a)

tmp x y c i

i _ 1.

i to: 100 do:

[tmp _ SensorStream next.

(tmp = 0)

ifTrue: [((i + 3) = 100)

ifTrue: [x _ SensorStream next.

y _ SensorStream next.

c _ Character value: (SensorStream next).

(c asString) displayAt: (x @ y).].

].

i _ i + 1.

].

Daniel Phommathep

b)

i tmp S o

o _ Object new.

i _ 1.

S _ Array new: 255.

100 timesRepeat: [:j | S at: j put: 0.].

i to: 100 do:

[tmp _ SensorStream next.

(tmp >= 1 & tmp = 255)

ifTrue: [S at: tmp put: ((S at: tmp) + 1).].

(tmp >= 256 & tmp = 511)

ifTrue: [((S at: (tmp - 255)) >= 3)

ifTrue: [o inform: 'ALARM'.].

i _ i + 1.

].

I chose to use an array because you can directly access elements in it without traversing through the entire structure. Whenever a sound sensor is triggered, you just increment the value at the index corresponding to the number returned from the SensorStream (i.e. if the stream returned 4, the value at index 4 would get incremented by 1). This way, if the value returned is in the motion sensor range, you can just subtract 255 from that value and access the array at the calculated index and check to see if it is greater than or equal to 3.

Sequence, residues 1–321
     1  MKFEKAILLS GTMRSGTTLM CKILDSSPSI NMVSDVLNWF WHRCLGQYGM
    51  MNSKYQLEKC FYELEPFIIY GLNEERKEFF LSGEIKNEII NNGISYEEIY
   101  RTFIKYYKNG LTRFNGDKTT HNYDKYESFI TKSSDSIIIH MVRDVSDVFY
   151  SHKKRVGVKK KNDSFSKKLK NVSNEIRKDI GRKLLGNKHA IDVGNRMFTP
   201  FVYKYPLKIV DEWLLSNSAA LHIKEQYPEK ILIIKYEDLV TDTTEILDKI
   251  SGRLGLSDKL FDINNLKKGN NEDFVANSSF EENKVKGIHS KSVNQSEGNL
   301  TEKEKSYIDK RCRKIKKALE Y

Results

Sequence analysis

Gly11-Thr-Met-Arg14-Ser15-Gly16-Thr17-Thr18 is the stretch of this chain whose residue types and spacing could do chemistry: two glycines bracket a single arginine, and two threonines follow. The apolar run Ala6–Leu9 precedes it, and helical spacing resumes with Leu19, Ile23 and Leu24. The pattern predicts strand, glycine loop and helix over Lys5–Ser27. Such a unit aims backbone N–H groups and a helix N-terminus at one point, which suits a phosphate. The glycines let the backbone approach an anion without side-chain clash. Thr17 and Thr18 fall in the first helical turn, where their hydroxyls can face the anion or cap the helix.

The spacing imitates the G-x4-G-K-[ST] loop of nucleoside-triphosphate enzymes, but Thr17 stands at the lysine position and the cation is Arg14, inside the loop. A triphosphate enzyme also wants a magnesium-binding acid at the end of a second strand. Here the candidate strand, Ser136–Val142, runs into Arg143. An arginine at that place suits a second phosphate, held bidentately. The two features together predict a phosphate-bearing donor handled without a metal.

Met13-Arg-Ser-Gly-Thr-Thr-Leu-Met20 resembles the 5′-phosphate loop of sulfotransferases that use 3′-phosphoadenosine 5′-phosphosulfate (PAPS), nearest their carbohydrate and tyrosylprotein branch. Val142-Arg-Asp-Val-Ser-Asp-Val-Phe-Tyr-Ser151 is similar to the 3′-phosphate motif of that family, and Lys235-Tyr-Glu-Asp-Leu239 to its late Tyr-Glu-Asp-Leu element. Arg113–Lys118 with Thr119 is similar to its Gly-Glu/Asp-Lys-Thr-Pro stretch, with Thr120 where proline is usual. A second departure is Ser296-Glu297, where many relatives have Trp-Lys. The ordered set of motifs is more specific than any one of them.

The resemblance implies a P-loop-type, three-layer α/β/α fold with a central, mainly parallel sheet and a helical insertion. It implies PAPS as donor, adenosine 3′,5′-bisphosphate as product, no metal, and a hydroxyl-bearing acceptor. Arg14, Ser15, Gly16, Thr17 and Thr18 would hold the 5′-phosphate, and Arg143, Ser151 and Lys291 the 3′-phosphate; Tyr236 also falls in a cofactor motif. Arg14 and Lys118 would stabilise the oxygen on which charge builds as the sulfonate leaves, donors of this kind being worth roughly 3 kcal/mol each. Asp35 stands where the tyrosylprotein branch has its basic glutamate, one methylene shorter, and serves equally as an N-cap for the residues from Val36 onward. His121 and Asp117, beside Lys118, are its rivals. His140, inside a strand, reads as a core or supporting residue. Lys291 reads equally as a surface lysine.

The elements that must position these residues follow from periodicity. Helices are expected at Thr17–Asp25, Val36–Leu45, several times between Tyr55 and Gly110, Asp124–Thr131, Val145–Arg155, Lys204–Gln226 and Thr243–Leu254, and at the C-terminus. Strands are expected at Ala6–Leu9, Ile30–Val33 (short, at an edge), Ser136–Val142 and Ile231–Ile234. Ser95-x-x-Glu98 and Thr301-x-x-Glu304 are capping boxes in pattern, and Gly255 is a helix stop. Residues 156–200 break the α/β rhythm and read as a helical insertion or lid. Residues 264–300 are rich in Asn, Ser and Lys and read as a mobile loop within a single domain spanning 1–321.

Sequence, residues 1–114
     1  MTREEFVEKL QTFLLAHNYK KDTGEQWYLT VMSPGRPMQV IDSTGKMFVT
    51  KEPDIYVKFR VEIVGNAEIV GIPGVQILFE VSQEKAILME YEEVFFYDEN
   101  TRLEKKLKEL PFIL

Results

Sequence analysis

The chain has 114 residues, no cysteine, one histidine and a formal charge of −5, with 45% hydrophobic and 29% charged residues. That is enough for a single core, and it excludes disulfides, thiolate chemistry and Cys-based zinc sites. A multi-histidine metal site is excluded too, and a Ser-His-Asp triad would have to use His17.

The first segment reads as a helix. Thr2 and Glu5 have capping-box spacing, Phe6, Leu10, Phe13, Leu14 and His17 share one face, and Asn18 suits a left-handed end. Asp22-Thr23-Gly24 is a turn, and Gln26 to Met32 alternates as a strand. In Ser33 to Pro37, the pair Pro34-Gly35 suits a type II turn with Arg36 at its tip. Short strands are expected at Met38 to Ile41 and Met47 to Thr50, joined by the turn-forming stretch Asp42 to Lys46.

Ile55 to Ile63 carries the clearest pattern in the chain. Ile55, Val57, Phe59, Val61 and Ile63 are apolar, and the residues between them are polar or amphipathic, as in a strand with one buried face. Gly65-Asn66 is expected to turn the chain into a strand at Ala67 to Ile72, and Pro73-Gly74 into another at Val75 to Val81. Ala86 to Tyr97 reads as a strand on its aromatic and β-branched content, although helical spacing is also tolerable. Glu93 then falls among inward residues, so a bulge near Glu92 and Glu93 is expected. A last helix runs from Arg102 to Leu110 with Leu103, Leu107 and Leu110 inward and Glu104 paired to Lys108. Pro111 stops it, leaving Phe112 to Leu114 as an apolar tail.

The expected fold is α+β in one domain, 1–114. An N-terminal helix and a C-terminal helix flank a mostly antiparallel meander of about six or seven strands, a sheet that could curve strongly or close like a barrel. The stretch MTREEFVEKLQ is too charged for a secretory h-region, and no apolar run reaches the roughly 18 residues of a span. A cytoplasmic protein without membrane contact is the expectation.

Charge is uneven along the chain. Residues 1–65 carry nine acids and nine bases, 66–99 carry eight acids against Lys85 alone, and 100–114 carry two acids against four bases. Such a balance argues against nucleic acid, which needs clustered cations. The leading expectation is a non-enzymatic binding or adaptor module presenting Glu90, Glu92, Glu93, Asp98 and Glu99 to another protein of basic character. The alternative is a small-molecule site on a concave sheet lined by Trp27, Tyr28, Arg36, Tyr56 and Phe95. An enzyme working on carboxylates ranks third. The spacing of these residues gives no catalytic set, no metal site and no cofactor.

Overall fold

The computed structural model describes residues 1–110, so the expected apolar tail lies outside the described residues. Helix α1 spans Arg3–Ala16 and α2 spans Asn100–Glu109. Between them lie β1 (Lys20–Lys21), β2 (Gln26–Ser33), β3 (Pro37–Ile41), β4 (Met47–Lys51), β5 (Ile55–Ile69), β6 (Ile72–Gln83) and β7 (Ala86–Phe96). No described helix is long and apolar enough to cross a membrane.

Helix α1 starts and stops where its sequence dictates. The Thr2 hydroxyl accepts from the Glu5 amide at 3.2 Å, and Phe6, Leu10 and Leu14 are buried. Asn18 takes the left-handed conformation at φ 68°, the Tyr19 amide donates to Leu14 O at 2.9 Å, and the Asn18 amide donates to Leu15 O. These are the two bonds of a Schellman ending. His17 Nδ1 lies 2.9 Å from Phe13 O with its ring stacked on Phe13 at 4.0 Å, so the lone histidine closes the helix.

Daniel Phommathep

How about a solution that doesn't do

You could do...

i := 1.

[i (less than or equal to) 100] whileTrue: [...]

Sorry, I couldn't get a less than sign to show up, for some reason.

nobody

Because it's HTML <sigh>. It's a little trickier than that, Bill, because you have to increment on the right conditions so as to read only 100 elements... Mark Guzdial |

b.) Use a bag and add stuff to the bag with the add: command (you'll be adding the numbers. i.e. myBag add: 1;add:2 etc.)

then when you want to find out how many of 1 or two you have use bags nifty method occurencesOf: to find out how many of that object you have.

But it's one or two IN ORDER – sequentiality is lost in a Bag. Mark Guzdial

- Final Exam Review - Sum2000 last edited on 20 July 2000 at 1:19 pm by guzdial2.cc.gatech.edu.